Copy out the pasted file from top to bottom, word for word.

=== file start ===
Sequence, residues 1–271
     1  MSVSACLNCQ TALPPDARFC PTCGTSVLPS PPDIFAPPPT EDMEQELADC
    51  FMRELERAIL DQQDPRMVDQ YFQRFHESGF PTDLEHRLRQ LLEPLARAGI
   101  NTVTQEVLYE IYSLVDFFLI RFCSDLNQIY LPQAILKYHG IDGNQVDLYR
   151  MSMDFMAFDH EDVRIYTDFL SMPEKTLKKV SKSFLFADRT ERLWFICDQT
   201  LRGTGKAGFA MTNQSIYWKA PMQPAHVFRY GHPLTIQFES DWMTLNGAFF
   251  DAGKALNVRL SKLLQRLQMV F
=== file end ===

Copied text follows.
Sequence, residues 1–271
     1  MSVSACLNCQ TALPPDARFC PTCGTSVLPS PPDIFAPPPT EDMEQELADC
    51  FMRELERAIL DQQDPRMVDQ YFQRFHESGF PTDLEHRLRQ LLEPLARAGI
   101  NTVTQEVLYE IYSLVDFFLI RFCSDLNQIY LPQAILKYHG IDGNQVDLYR
   151  MSMDFMAFDH EDVRIYTDFL SMPEKTLKKV SKSFLFADRT ERLWFICDQT
   201  LRGTGKAGFA MTNQSIYWKA PMQPAHVFRY GHPLTIQFES DWMTLNGAFF
   251  DAGKALNVRL SKLLQRLQMV F